Paradise is beyond our imagination, but we do know that the believer’s life goes on in heaven. As citizens of that realm, we will take up the work of serving and praising God. Moreover, we will enjoy unlimited energy and perfect harmony between the Lord, ourselves, and other saints.

May 28, 2010 – AB

Using Your Memory Well

This I call to mind, and therefore I have hope.

Lamentations 3:21

Memory is frequently the slave of despondency. Despairing minds remember every dark prediction in the past and expand upon every gloomy feature in the present; in this way memory, clothed in sackcloth, presents to the mind a cup of bitter-tasting herbs.

There is, however, no necessity for this. Wisdom can readily transform memory into an angel of comfort. That same recollection that on the one hand brings so many gloomy omens may be trained instead to provide a wealth of hopeful signs. She need not wear a crown of iron; she may encircle her brow with a tiara of gold, all spangled with stars.

Such was Jeremiah’s experience: in the previous verse memory had brought him to deep humiliation of soul: “My soul continually remembers it and is bowed down within me”; but now this same memory restored him to life and comfort. “But this I call to mind, and therefore I have hope.” Like a two-edged sword, his memory first killed his pride with one edge and then slew his despair with the other.

As a general principle, if we would exercise our memories more wisely, we might, in our very darkest distress, strike a match that would instantaneously kindle the lamp of comfort. There is no need for God to create a new thing upon the earth in order to restore believers’ joy; if they would prayerfully rake the ashes of the past, they would find light for the present; and if they would turn to the book of truth and the throne of grace, their candle would soon shine as before.

Let us then remember the loving-kindness of the Lord and rehearse His deeds of grace. Let us open the volume of recollection, which is so richly illuminated with memories of His mercy, and we will soon be happy. Thus memory may be, as Coleridge calls it, “the bosom-spring of joy,” and when the Divine Comforter bends it to His service, it is then the greatest earthly comfort we can know

May 27, 2010

Our God of Comfort 2 Corinthians 1:3-4

God’s care for us extends to the details of our lives. He knows when His children hurt and longs to offer comfort (Isa. 49:13).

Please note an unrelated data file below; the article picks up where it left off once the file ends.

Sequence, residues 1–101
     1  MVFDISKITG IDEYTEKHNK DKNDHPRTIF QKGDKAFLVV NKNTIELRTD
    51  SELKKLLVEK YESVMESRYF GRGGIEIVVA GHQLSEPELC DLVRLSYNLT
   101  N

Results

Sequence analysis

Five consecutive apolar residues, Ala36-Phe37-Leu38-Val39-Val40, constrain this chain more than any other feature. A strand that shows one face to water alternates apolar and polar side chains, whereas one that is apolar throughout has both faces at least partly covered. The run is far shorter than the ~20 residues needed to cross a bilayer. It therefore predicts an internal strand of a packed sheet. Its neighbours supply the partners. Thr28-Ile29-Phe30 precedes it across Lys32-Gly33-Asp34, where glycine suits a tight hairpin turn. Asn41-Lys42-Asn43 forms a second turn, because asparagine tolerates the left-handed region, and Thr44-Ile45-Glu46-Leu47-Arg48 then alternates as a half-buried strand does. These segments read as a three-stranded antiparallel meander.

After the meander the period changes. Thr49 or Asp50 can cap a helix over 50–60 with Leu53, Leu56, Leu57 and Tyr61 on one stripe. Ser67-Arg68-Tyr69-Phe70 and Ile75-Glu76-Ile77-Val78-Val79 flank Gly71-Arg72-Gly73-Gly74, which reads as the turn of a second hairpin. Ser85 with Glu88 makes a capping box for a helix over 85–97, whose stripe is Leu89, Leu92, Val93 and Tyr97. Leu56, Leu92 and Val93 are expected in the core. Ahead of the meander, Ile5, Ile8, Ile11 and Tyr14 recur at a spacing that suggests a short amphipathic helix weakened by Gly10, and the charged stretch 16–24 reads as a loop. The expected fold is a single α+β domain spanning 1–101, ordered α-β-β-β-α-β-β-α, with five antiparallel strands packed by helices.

The Lord’s compassion is personal, continuous, and always available. We receive His comfort through the Holy Spirit, who lives within us. There is no situation or time when He is inaccessible to the believer—we can be consoled and reassured at any time, day or night.

Consider how the compassion of God was demonstrated through Jesus’ life. He interacted even with the “untouchables”—people whose bodies were infected with a contagious disease (Luke 17:11-14). And no sickness of ours will prevent Him from caring for us.

Jesus had compassion on people with medical conditions (Matt. 14:14). He not only healed them physically but also gave an even greater comfort—new life through the forgiveness of sins. And while our infirmities may remain, the Lord lovingly strengthens us to persevere (2 Cor. 12:7-9).

And what about the messes we get into? Peter’s betrayal of Christ was met with forgiveness (John 21:15-17). Thomas’s doubts were answered by Jesus Himself (John 20:27). Our mistakes won’t stop Him from loving us. Even to His enemies, Jesus left the way open for repentance.

God’s comfort and care are adequate for anything we face, whether it’s declining health, insufficient finances, or family trouble. Then, once we’ve experienced His consolation, we are to become bearers of comfort to others (2 Cor. 1:4). People everywhere are in great need of His compassion.

May 27, 2010 – AB

The Humbling Impact of Grace

What is your servant, that you should show regard for a dead dog such as I?

2 Samuel 9:8

If Mephibosheth was humbled by David’s kindness, what shall we be in the presence of our gracious Lord? The more grace we have, the less we shall think of ourselves, for grace, like light, reveals our impurity. Eminent saints have scarcely known what to compare themselves to, their sense of unworthiness has been so clear and keen. “I am,” says the godly Rutherford, “a dry and withered branch, a piece of dead carcass, dry bones, and not able to step over a straw.” In another place he writes, “Apart from their open outbursts, I am too much like Judas and Cain.”

The meanest objects in nature appear to the humbled mind to have a preference above itself, because they have never contracted sin: A dog may be greedy, fierce, or filthy, but it has no conscience to violate, no Holy Spirit to resist. A dog may appear to be worthless, and yet by a little kindness it is soon won to love its master and is faithful to death; but we forget the goodness of the Lord and do not follow His call. The term dead dog is the most expressive of all terms of contempt, but it is not too strong to express the self-abhorrence of well-taught believers. They do not display false modesty; they mean what they say; they have weighed themselves in the balances of the sanctuary and discovered the vanity of their nature.

At best we are but clay, animated dust; but viewed as sinners, we are monsters indeed. Let it be published in heaven as a miracle that the Lord Jesus should set His heart’s love upon people like us. Dust and ashes though we be, we must and will magnify the exceeding greatness of His grace. Could His heart not find rest in heaven? Does He need to come to these tents for a spouse and choose a bride from the children of men? Let the heavens and earth break forth into song and give all the glory to our sweet Lord Jesus.